This book was darned near amazing to me. Karen Fowler captured college life in the mid-90’s well (at least as I experienced it). Some of the slang was different, but that could have been a geographical difference. There was a mention of the BabyBjörn carrier being used in the mid-1970’s in the United States, which may be anachronistic (the carrier hit the European market in 1973, and while I can’t find a reference for when it showed up in the U.S., I associate the brand more with the mid- to late-90’s and early aughts), but even if it’s outright incorrect, I’m okay letting it slide.
Aside from these small things, the novel rang with emotional truth and depth. I really resonated with an idea that the narrator repeated throughout the story: “Where you succeed will never matter as much as where you fail.” (this one’s on p 288 of the copy I read) I wonder if that’s a particularly GenX sentiment or if it’s just a point of view the narrator and I share. If it is a GenX thing, it could explain why we were so commonly accused of apathy. I feel hopeless just thinking about it. Read More
For the most part, this book is amazing. It’s full of the kinds of ideas that make my brain feel like it’s been picked up and turned in a different direction. I feel refreshingly disoriented, as though the world holds more possibilities than I realized.
The pages of the library copy I read are porcupined with neon-colored paper flags as I tried to mark all of the passages I wanted to quote, especially from the first five chapters, which apply family systems theory to explain why there are problems within all sorts of systems—families, corporations, governments—that are resistant to fixing by myriad leadership techniques and logical plans of action. These sections helped me understand better what has been going on in the United States during my lifetime (and perhaps for a long time before I was born) and reading them helped decrease my surprise at the outcome of this year’s presidential election. Read More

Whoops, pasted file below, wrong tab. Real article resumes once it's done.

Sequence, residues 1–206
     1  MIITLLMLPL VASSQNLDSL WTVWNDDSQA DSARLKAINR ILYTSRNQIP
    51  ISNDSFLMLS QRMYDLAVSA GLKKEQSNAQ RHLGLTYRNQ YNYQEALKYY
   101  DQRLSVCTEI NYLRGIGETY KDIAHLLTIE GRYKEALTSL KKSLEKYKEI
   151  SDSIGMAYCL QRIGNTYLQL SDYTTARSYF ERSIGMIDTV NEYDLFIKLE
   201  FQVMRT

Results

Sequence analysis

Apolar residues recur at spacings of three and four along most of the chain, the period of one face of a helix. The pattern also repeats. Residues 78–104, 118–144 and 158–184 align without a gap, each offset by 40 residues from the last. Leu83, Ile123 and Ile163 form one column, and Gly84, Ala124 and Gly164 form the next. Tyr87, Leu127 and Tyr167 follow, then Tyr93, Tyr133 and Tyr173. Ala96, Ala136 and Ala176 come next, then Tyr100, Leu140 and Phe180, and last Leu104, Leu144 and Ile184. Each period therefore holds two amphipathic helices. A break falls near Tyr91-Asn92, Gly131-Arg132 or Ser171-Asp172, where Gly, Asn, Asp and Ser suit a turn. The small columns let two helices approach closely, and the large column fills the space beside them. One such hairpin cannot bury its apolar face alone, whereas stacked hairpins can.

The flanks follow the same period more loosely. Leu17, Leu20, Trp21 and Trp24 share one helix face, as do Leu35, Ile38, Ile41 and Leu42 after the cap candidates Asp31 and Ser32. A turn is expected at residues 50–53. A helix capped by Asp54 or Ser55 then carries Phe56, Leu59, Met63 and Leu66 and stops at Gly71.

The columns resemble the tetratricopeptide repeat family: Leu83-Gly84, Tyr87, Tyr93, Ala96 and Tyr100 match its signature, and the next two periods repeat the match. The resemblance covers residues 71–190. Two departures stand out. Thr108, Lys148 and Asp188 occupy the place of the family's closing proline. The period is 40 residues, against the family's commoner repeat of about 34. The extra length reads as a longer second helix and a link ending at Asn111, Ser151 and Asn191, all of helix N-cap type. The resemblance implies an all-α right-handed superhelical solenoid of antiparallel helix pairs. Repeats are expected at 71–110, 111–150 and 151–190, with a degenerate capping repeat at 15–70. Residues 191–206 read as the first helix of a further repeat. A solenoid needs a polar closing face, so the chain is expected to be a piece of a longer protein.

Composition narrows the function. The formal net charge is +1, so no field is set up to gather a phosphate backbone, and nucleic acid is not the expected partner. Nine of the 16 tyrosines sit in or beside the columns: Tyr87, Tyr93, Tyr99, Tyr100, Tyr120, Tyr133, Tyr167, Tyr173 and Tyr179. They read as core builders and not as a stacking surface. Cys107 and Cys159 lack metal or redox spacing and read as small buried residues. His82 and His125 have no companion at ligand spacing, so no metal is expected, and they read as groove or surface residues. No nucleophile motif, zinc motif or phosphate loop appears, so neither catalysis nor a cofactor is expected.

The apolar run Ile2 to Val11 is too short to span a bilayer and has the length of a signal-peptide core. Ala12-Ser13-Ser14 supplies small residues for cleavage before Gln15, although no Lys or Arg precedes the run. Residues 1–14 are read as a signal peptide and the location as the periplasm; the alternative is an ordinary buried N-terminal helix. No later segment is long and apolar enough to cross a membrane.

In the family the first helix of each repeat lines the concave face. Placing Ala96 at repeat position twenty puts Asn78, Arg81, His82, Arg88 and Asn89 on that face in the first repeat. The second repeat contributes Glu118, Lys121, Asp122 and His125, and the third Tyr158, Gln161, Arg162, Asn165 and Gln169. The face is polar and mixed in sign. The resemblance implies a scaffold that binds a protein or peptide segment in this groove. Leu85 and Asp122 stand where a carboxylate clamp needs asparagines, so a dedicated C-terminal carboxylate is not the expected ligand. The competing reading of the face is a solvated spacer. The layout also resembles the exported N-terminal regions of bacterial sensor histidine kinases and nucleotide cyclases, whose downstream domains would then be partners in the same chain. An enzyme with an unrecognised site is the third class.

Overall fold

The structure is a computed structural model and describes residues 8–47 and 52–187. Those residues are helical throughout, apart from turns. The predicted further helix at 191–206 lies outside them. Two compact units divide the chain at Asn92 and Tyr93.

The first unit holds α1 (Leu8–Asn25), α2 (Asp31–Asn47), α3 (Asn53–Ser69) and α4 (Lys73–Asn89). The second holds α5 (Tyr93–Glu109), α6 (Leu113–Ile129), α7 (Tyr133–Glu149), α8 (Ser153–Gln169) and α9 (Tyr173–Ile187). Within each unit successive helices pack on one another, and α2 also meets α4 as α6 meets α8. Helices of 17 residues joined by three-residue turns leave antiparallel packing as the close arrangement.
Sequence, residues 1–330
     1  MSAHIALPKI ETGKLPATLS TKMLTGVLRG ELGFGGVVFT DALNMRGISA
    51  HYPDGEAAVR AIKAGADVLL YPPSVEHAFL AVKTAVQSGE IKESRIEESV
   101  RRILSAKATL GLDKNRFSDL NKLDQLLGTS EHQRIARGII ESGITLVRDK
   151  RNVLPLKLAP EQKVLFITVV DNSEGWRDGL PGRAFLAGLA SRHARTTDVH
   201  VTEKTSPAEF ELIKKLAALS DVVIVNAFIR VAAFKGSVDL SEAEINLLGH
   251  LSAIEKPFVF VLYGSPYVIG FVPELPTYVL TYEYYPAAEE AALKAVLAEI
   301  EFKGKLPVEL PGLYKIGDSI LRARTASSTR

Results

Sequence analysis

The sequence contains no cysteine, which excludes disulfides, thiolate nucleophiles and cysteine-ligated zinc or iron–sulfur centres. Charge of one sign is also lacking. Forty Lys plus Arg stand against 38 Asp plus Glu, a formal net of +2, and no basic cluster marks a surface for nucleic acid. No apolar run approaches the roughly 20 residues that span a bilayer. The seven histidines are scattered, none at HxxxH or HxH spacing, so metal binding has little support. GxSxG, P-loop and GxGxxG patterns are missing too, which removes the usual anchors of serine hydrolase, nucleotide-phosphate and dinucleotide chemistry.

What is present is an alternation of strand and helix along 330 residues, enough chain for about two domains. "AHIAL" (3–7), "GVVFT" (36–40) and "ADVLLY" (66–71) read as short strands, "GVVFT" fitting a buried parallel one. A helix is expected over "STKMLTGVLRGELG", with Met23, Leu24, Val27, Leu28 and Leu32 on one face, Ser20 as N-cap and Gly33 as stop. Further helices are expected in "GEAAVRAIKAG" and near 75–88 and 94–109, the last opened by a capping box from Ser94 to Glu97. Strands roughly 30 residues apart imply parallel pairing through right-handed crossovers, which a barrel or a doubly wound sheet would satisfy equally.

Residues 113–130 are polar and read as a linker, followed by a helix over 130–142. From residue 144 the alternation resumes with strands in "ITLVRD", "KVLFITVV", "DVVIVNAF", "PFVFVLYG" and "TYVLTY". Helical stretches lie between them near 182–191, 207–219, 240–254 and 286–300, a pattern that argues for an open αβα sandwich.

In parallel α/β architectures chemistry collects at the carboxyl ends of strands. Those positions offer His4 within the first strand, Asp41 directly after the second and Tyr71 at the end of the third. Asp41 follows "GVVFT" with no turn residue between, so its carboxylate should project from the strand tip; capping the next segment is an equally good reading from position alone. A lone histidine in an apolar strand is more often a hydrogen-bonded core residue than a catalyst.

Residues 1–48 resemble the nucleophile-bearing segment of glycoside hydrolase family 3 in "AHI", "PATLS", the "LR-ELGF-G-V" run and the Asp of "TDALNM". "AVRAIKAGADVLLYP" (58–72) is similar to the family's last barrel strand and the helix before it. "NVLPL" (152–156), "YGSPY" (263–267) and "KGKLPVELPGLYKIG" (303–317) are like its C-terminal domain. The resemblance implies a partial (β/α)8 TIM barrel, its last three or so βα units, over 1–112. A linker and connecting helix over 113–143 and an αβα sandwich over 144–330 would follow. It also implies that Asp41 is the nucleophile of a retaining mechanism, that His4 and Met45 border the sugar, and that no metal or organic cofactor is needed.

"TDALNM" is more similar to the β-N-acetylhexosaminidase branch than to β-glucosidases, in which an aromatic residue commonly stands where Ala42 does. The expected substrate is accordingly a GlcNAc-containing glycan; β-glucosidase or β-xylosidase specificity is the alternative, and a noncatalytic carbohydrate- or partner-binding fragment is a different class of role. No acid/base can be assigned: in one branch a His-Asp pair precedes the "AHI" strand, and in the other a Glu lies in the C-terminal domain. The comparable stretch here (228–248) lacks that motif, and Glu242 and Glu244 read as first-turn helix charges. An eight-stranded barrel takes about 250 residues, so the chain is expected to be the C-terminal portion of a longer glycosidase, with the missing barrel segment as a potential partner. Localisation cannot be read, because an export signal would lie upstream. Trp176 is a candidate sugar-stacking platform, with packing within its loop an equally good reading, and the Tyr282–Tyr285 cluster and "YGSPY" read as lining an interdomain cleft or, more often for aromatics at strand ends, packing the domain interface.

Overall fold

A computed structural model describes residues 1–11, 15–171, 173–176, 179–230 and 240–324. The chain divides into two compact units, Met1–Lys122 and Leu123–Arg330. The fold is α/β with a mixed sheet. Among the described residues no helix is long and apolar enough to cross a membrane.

I woke up on November 9th feeling a little bewildered, but not surprised. There were too many Trump yard signs in my blue state in the weeks leading up to the election for me to be surprised by the outcome. And with a little reflection, even the bewilderment lifted as I realized that this election outcome doesn’t change much for me. I’m white and heterosexual. I live in a blue state. I have a college education and although I don’t personally earn any money, my family’s income puts us firmly in the upper middle class. And as for the misogyny, that was no worse on November 9th than it was on November 8th. Today I can still live anywhere in the United States, just like I’ve always been able to. I can still use my passport and leave the country if I want to—and expect to be let back in—just like I’ve always been able to.
More than this, I’ve already been living my values, never as well as I’d like to, but always in that direction. I’ve been wary all along, watching my elected officials to see if they’re overstepping their authority and the powers granted them by the U.S. Constitution. This election doesn’t actually change that. It might end up giving me more to do, but it doesn’t change my level of alertness.